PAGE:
Mikael Stenmark is Head of Department and Professor of Philosophy of Religion at the Department of Theology, Uppsala University, Sweden. In 1996 he received the John Templeton Foundation Prize for Outstanding Books and 1998 Uppsala University’s Oscar Prize.

His current research interests concern different theories about human nature developed in science and theology. These include the extent to which a dialogue between the sciences, theology and philosophy can lead to a better understanding of human nature; what contemporary biology can say about human nature; the extent to which post-modern thinking in the social sciences and the humanities challenges both a ‘scientific’ and a religious understanding of human nature and whether humans have a nature at all or are merely a social construction?

His key areas of interest are the religion-science dialogue, epistemology, philosophy of science, religious pluralism and environmental ethics. His interest in the science-religion field is primarily focused on issues about methodology/epistemology and on the relevance of biology for understanding human nature, religion and morality.

Recent publications include

  • Stenmark, Mikael, ‘A Religiously Partisan Science? Islamic and Christian Perspectives’, Theology and Science, 3 (2005):23-38.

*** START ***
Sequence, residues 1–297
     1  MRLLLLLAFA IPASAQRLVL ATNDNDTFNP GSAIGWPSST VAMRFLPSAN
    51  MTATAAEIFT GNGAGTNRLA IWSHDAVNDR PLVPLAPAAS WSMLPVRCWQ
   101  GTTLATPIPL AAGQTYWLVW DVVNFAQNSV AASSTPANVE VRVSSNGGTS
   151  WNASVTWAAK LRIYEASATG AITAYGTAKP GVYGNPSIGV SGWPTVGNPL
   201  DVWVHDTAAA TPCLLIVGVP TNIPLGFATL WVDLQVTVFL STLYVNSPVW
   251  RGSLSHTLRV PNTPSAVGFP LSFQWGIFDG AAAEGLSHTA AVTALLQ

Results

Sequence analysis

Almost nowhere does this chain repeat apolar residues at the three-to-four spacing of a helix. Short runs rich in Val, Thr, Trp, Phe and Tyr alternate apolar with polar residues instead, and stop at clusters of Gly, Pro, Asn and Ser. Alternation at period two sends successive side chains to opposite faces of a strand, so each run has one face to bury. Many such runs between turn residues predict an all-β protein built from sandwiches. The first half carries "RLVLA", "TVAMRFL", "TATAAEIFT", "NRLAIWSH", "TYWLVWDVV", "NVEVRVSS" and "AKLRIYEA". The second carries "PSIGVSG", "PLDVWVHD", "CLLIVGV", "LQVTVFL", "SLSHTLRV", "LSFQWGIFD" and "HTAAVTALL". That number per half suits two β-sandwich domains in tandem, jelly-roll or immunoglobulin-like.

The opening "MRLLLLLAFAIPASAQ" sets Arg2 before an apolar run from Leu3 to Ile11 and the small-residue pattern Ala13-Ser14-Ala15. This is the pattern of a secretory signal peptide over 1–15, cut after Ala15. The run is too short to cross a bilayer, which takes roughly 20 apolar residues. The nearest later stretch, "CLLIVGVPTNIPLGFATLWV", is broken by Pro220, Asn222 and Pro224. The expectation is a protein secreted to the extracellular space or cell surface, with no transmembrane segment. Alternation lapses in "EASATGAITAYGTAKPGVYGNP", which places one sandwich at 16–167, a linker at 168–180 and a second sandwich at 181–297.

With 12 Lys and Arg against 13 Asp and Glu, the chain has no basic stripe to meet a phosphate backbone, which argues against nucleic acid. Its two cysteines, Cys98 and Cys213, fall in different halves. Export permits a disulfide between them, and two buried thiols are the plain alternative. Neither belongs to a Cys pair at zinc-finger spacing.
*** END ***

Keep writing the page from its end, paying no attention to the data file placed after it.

• Stenmark, Mikael, ‘A Counter-response on “A Religiously Partisan Science?”’ Theology and Science, 3 (2005):92-95.
  • Stenmark, Mikael, ‘Models of Science and Religion: Is there any Alternative to Ian Barbour’s Typology?’ Studies in Science and Theology, Vol. 10, ed. Hubert Mesinger et al. Lund University, 2005.
  • Stenmark, Mikael, ‘Sociobiology and Evolutionary Psychology: Darwinism and Religion’, Encyclopedia of Religion, ed. Lindsay Jones. Vol 12, 2nd ed. New York: Thomson/Gale, 2005: 105-119.
  • Stenmark, Mikael, How to Relate Science and Religion: A Multidimensional Model, Eerdmans, 2004.
  • Stenmark, Mikael, ‘Should Religion Shape Science?’ Faith and Philosophy 21 (2004): 334-352.
  • Stenmark, Mikael, ‘Contemporary Darwinism and Religion’, Abigail Lustig, Robert Richards and Michael Ruse (eds.), Darwinian Heresies (Cambridge University Press, 2004).
  • Stenmark, Mikael, Environmental Ethics and Environmental Policy Making, Aldershot: Ashgate, 2002.
  • Stenmark, Mikael, Scientism: Science, Ethics and Religion, Aldershot: Ashgate, 2001.
  • Stenmark, Mikael, Rationality in Science, Religion and Everyday Life. A Critical Evaluation of Four Models of Rationality, Notre Dame, Indiana: University of Notre Dame Press, 1995.

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